In boys' and girls' camps, where canoeing is still a traditional activity, contests are held for paddling with the hands, moving the canoe along by "bumps," like those of a burlesque queen, paddling while standing on the gunwale, dumping the canoe and getting into it again. Great importance is placed on the canoeist being a swimmer. Old-time bushmen who live to ripe old ages in canoes without being able to swim a stroke regard all this as about as useful as teaching motorists how to collide with another car or to steer with their feet. The whole secret of staying alive in a canoe is learning to handle it so that it doesn’t turn over. If it does, being a good swimmer doesn't always help. Most people who drown from canoes are good swimmers who leave their upset crafts and try to reach shore. One of the prime rules of canoe clubs is, "If upset, always stay by your canoe.“ A canoeist clinging to a canoe can stay alive as long as he hangs on, and has a good chance of being picked up.
One tragic exception occurred at a boys' camp on Balsam Lake, Ontario, in July 1926. Just before sunset, fifteen boys left camp in a thirty-six-foot war canoe. In the middle of the calm lake, as far as could be established afterward, one of the boys missed his stroke and grabbed the gunwale. The boat rolled over. In a scramble, all the boys got hold of the upturned canoe. But they were in the water for six hours. Numbness and exposure forced one boy after another to relax his grip and drop off. Some tried to swim to shore and were lost. When the canoe reached an island at two in the morning, only four of the fifteen boys were still clinging to the sides.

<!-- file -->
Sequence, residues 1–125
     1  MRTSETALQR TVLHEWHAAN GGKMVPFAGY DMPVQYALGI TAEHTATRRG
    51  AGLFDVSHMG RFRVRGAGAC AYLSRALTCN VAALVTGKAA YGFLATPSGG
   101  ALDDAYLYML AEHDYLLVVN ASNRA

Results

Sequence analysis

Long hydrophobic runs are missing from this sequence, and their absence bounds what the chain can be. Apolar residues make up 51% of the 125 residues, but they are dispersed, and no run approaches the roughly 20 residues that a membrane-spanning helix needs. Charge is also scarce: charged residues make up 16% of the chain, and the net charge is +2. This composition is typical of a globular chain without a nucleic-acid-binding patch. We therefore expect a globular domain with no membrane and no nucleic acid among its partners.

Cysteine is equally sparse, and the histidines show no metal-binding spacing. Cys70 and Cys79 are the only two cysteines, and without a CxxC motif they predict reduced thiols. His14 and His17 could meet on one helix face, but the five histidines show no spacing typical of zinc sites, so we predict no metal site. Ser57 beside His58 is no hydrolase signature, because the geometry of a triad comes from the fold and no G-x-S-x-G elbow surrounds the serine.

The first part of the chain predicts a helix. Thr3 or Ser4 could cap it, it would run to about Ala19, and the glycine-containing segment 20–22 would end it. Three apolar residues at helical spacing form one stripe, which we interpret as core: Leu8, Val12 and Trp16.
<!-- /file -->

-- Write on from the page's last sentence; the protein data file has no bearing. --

The war canoe is a sensitive racing craft that carries a crew of ten or more paddlers. Speed depends on co-ordination and on the condition of the canoe. Other racing canoes are specially designed shells that can be paddled singly, in tandem or in "fours.”
The forerunner of these sophisticated sporting craft was one of the first and most valuable of human tools. It was developed right after man started playing around streams on floating logs, then began binding some of them together into crude rafts, much the way a kid on a creek does today. At least twentyfive thousand years ago. a small, brown inventor began hollowing a log with a stone axe and hot rocks; grunting, hitting his fingers and burning himself, but coming up with the world’s first boat. He probably reached North America from Asia by way of Bering Strait. The Kootenai Indian canoe used today in British Columbia has the same peculiar plow-shaped bow as the birchbark canoes used on the Amur River, which flows to the Russian coast opposite B. C.
North American Indians made canoes of tule grass, elm bark, buffalo hide, seal skin and moosehide. In the Arctic, the Eskimos made closed-in canoes called kayaks, stretching sealskin over a driftwood or whalebone frame. The birchbark canoe of the northeast woods Indians, which popularly became the prototype of all Indian canoes, had the greatest carrying capacity for its weight of any craft afloat: in fact, nothing has ever equaled it, with the possible exception of the rubber life raft of the last war.